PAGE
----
This was the climax to the bloody, bitter rivalry between Muhammad Ali and Joe Frazier. They had split their previous two fights, and the Philippines hosted this extraordinary rubber match. Ali called Frazier a "gorilla" because the pugilist poet fancied the way it sounded in a sentence with Manila. Both men gave everything. Frazier's trainer, Eddie Futch, wouldn't allow Frazier to come out for the 15th round, giving Ali a technical knockout victory. Frazier's camp didn't know that Ali had planned to quit, too. "He is the greatest fighter of all times," Ali said. "After me."

Logan Mankins
Kirby Lee/Image of Sport/US PresswireLogan Mankins, unlike most of his teammates, was candid on the subject of Super Bowl XLII: "I remember we lost, and that still burns some of us."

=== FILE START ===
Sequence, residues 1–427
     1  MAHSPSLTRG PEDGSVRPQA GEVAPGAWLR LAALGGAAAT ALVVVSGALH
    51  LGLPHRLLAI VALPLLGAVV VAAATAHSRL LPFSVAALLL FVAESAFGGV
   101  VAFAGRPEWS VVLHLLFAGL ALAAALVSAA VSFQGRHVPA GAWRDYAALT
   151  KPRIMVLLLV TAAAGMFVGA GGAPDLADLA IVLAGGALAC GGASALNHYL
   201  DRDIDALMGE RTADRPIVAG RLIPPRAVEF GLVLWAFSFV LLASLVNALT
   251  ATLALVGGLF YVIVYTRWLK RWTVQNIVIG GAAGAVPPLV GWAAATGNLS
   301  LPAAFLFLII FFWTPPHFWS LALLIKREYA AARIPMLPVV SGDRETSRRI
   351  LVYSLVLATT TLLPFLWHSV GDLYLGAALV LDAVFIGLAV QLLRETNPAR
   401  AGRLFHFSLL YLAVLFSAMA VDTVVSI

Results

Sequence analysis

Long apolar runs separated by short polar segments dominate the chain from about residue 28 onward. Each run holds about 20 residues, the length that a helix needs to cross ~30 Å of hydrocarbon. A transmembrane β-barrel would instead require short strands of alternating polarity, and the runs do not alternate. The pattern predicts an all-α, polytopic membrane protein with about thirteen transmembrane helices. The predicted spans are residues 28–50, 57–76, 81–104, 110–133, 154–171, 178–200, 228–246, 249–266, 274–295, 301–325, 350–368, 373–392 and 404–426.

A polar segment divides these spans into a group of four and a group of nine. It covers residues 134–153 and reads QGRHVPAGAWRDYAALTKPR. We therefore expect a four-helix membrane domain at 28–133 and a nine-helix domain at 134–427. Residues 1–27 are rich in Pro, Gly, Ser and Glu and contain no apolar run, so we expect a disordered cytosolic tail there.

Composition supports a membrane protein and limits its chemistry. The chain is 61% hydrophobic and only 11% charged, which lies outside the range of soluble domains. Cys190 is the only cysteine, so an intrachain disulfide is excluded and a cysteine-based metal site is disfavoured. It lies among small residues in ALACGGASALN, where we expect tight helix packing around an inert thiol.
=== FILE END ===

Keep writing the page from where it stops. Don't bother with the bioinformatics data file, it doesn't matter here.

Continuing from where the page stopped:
Perhaps more than any of the seven Patriots players who suffered through that first Super Bowl meeting with the Giants, guard Logan Mankins seemed to answer the media's questions with a degree of candor.

Sunday:

Q: What do you remember from Super Bowl XLII?

Logan Mankins: I remember a whole lot. I remember we lost, and that still burns some of us. We can learn a lot from that.

Wednesday:

Q: How many questions have you had regarding Super Bowl XLII?

L.M.: Too many. A lot of people want to keep talking about that. A lot of us have moved on.

Thursday:

Q: The Giants have talked a lot of trash this week.

L.M.: I'm not surprised. We've played these guys a few times now, you kind of can expect this from their side. The game is on the field. It's not during the week, or in practice, or through the media. We'll see who does the talking this weekend.

Bulls 115, Pistons 94, May 27, 1991